Education to Improve Neonatal Transport Safety Leads to Better Infant Healthcare Outcomes

April 1, 2021
April 1, 2021

When S.T.A.B.L.E. and HealthStream formally announced their partnership and the upcoming launch of their online course set for March 2020, COVID-19 was a distant threat. In fact, it was not until the day of HealthStream’s press release about the partnership that the coronavirus received the name we all know by now, “COVID-19.” Yet with the arrival of March, national shelter-in-place orders were issued, and an unanticipated new reason for online learning existed.

Pandemic Underscores Need for Online Education Options

While S.T.A.B.L.E. was not pushed into transitioning their content online due to the pandemic, their preparedness allowed them to make a seamless launch during a time when accessing education online is more important than it ever has been. HealthStream recently spoke with Dr. Kristine Karlsen, the creator and director of the S.T.A.B.L.E. Program, about the program’s newly broadened capacity to reach the nation’s healthcare providers at a crucial time.

S.T.A.B.L.E.’s Informal Neonatal Transport Education Beginnings

Dr. Kristine Karlsen began her work as a Neonatal Nurse Practitioner in 1982, a time when neonatal transport was a new domain and there lacked any formal neonatal resuscitation or stabilization education. When transport duties were added to Karlsen’s role in the NICU, - community hospital staff often asked her to return to their facility to teach them about the neonatal issues they just encountered: respiratory distress, prematurity, hypoglycemia, surgical problems, and more. With hopes of creating a practical way for her community hospital staff to learn, retain, and recall the crucial lessons of post-resuscitation/pre-transport stabilization care of sick infants, Karlsen created a mnemonic-based educational tool, and thus, S.T.A.B.L.E. was born.

Parallel Growth—S.T.A.B.L.E. Program and the Need for Stabilization Education

Out of the need for outreach education targeting neonatal pre-transport stabilization, Karlsen developed the internationally recognized program that exists today. The S.T.A.B.L.E. Program focuses on improving the knowledge and skills of each member of the perinatal healthcare team that provides care to both well and sick infants. In the U.S. alone, 10% of babies are born preterm, and there are approximately 70,000 neonatal transports each year—a staggering number that emphasizes the importance of the S.T.A.B.L.E. Program content.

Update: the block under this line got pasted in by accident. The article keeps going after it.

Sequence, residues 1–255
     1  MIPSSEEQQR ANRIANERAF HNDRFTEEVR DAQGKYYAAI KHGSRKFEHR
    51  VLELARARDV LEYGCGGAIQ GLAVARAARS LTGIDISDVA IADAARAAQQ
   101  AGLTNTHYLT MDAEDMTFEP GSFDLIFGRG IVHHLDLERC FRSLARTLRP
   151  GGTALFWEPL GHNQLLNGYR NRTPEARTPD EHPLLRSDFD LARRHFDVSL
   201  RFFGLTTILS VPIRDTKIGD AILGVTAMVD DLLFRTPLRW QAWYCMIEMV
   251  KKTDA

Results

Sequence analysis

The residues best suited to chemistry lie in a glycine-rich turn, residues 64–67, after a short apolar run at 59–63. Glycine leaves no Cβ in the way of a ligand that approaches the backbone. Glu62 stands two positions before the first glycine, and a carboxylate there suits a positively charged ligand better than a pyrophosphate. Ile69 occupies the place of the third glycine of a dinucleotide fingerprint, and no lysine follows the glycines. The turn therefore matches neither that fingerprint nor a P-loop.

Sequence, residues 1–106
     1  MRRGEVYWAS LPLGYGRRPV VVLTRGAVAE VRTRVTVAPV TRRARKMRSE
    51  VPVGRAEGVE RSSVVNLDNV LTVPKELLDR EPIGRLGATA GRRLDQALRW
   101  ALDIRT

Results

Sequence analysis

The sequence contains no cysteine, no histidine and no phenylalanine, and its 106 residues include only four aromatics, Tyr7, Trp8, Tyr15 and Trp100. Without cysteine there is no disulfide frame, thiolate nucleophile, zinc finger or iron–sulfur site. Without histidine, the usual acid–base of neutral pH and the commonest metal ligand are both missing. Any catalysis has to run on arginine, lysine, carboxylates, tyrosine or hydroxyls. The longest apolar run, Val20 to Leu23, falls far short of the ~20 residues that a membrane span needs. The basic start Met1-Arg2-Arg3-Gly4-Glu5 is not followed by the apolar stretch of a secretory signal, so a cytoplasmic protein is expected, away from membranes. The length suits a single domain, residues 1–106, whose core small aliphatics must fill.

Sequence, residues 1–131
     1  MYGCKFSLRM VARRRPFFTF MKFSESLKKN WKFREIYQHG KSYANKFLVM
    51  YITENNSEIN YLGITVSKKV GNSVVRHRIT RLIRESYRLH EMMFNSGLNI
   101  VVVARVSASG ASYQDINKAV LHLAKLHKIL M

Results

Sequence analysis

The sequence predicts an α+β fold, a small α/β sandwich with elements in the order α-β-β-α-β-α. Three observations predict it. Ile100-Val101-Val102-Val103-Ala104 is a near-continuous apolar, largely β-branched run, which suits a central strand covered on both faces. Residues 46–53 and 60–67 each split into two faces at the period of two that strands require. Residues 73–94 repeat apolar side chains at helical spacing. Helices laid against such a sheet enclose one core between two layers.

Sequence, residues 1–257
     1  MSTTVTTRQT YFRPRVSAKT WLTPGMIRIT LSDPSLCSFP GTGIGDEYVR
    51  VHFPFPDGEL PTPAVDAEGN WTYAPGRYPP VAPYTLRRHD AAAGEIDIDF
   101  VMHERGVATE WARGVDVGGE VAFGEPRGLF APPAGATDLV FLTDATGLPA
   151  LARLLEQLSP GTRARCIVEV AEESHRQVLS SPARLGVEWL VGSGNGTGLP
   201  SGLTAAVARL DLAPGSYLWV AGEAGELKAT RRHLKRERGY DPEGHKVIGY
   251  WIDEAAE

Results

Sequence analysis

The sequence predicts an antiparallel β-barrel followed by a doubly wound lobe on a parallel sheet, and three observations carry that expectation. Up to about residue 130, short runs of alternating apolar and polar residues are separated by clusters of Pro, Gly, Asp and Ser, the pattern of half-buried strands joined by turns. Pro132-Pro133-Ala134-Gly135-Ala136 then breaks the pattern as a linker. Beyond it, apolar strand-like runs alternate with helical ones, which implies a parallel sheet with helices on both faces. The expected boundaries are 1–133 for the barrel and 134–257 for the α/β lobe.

Improving Obstetric Healthcare

First introduced as a company in 1996, S.T.A.B.L.E. has grown internationally to include instructor training and courses available in more than 45 countries. Since 2001, more than 615,000 neonatal and obstetric healthcare providers have completed a S.T.A.B.L.E. Program learner course in an instructor-led training session. S.T.A.B.L.E. is the most widely distributed and implemented neonatal education program to focus exclusively on the post-resuscitation/pre-transport stabilization care of sick infants.

In 2015, S.T.A.B.L.E. surveyed over 1,000 of their instructors. When asked if they had noticed any improvement in neonatal stabilization in their hospital or region, 94% of participants reported they had observed improvement. Some 43% reported “significant improvement” and over half (51%) reported they had observed “some improvement.” Only 6% of participants reported they saw no improvement, but many of those respondents also commented that they had just begun the program or had not formally assessed outcomes.

Reflecting on the successes of the program, Karlsen said, “I truly believe that the program does make a big difference in the lives of families who benefit from the good care their babies received because of the staff’s educational preparedness. Having a healthy family is the paramount goal, and empowering nurses and physicians with the education they need to make the right decisions when these babies are sick is very meaningful.”

“Having a healthy family is the paramount goal, and empowering nurses and physicians with the education they need to make the right decisions when these babies are sick is very meaningful.”

This blog post excerpts an article, “The S.T.A.B.L.E. Program’s Timely Transition to Online Learning: An Interview with Founder Dr. Kristine Karlsen.” The article also includes:

  • Who is S.T.A.B.L.E. for?
  • Furthering the Program’s Reach through Online Education
  • What’s Next for Infant Stabilization Education

Learn more about infant stabilization education by downloading the article.

S.T.A.B.L.E. embodies HealthStream’s commitment to helping clinicians achieve better outcomes in myriad ways, from higher quality, evidence-based perinatal care to decreasing emergency department errors that can have a serious patient impact.

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